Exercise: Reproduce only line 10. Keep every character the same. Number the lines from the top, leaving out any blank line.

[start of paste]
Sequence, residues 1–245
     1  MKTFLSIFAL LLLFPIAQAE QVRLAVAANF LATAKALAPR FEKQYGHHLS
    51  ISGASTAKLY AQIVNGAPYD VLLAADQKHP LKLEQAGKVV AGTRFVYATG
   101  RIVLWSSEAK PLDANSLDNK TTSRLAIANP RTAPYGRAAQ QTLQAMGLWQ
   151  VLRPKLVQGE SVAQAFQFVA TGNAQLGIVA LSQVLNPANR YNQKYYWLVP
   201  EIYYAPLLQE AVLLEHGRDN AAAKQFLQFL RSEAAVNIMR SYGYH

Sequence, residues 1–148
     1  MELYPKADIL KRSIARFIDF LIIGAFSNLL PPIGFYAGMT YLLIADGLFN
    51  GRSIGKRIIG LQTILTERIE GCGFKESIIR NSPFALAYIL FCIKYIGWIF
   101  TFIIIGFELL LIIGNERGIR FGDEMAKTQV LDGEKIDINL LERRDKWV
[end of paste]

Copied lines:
   101  TFIIIGFELL LIIGNERGIR FGDEMAKTQV LDGEKIDINL LERRDKWV